Effects of arginine vasopressin on cerebral microvascular pressure

F. M. Faraci, William Mayhan, P. G. Schmid, D. D. Heistad

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Abstract

The goal of this study was to examine effects of arginine vasopressin and angiotensin on cerebral microvascular pressure and segmental vascular resistance. We measured pressure (servo-null) in pial arteries that were ~ 200 μm in diameter and cerebral blood flow (microspheres) in anesthetized cats, and we calculated resistance of large and small cerebral vessels. Resistance of large arteries (> 200 μm diam) was ~ 45% of total cerebral vascular resistance under control conditions. Vasopressin (40 mU/kg iv) decreased resistance of large arteries by 22 ± 7%; increased pial artery pressure by 10 ± 2 mmHg when aortic pressure was maintained at control levels, and increased small vessel resistance by 27 ± 11%. This increase in small vessel resistance apparently was an autoregulatory response to the increase in pial pressure. Cerebral blood flow was not changed (38 ± 4 vs. 37 ± 3 ml · min-1 · 100 g-1). Intravenous infusion of angiotensin (2 μg · kg-1 · min-1) increased large artery resistance by 32 ± 6%, decreased pial artery pressure 6 ± 3 mmHg with aortic pressure maintained constant, and decreased cerebral blood flow by 12 ± 1%. Thus circulating vasopressin, at concentrations similar to those observed during hemorrhage, selectively dilates large cerebral arteries and increases microvascular pressure without changes in cerebral blood flow. In contrast to vasopressin, angiotensin selectively increases resistance of large cerebral arteries and decreases cerebral microvascular pressure. Thus vasopressin and angiotensin, at doses that have minimal effects on cerebral blood flow, may play an important role in regulation of cerebral microvascular pressure.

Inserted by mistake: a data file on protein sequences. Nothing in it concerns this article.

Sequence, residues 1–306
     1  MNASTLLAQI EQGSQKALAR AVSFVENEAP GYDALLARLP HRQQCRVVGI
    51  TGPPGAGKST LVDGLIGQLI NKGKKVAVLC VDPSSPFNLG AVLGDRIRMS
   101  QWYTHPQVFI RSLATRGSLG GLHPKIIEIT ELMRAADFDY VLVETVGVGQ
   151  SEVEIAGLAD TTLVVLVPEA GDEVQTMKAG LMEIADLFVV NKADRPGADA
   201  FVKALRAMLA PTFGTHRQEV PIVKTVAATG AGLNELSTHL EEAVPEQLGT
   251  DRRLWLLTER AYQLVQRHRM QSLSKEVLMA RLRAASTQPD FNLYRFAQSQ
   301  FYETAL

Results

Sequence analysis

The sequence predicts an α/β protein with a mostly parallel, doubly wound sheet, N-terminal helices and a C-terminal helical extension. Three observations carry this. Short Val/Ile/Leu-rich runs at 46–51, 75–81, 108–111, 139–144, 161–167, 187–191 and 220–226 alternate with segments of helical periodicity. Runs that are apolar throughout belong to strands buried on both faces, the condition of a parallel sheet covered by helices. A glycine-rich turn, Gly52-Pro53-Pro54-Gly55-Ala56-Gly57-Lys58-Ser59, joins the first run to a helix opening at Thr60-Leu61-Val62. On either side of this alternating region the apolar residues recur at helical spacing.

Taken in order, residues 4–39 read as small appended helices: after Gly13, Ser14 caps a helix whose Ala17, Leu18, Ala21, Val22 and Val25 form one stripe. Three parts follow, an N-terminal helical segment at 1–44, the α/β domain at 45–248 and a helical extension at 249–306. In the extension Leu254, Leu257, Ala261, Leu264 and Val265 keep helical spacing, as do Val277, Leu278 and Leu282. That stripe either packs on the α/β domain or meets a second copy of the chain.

Original languageEnglish (US)
JournalAmerican Journal of Physiology - Heart and Circulatory Physiology
Volume255
Issue number1
StatePublished - Jan 1 1988

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Arginine Vasopressin
Cerebrovascular Circulation
Pressure
Arteries
Angiotensins
Vasopressins
Cerebral Arteries
Vascular Resistance
Arterial Pressure
Microspheres
Intravenous Infusions
Cats
Hemorrhage

ASJC Scopus subject areas

  • Physiology
  • Cardiology and Cardiovascular Medicine
  • Physiology (medical)

Cite this

Effects of arginine vasopressin on cerebral microvascular pressure. / Faraci, F. M.; Mayhan, William; Schmid, P. G.; Heistad, D. D.

In: American Journal of Physiology - Heart and Circulatory Physiology, Vol. 255, No. 1, 01.01.1988.

Research output: Contribution to journalArticle

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abstract = "The goal of this study was to examine effects of arginine vasopressin and angiotensin on cerebral microvascular pressure and segmental vascular resistance. We measured pressure (servo-null) in pial arteries that were ~ 200 μm in diameter and cerebral blood flow (microspheres) in anesthetized cats, and we calculated resistance of large and small cerebral vessels. Resistance of large arteries (> 200 μm diam) was ~ 45{\%} of total cerebral vascular resistance under control conditions. Vasopressin (40 mU/kg iv) decreased resistance of large arteries by 22 ± 7{\%}; increased pial artery pressure by 10 ± 2 mmHg when aortic pressure was maintained at control levels, and increased small vessel resistance by 27 ± 11{\%}. This increase in small vessel resistance apparently was an autoregulatory response to the increase in pial pressure. Cerebral blood flow was not changed (38 ± 4 vs. 37 ± 3 ml · min-1 · 100 g-1). Intravenous infusion of angiotensin (2 μg · kg-1 · min-1) increased large artery resistance by 32 ± 6{\%}, decreased pial artery pressure 6 ± 3 mmHg with aortic pressure maintained constant, and decreased cerebral blood flow by 12 ± 1{\%}. Thus circulating vasopressin, at concentrations similar to those observed during hemorrhage, selectively dilates large cerebral arteries and increases microvascular pressure without changes in cerebral blood flow. In contrast to vasopressin, angiotensin selectively increases resistance of large cerebral arteries and decreases cerebral microvascular pressure. Thus vasopressin and angiotensin, at doses that have minimal effects on cerebral blood flow, may play an important role in regulation of cerebral microvascular pressure.",
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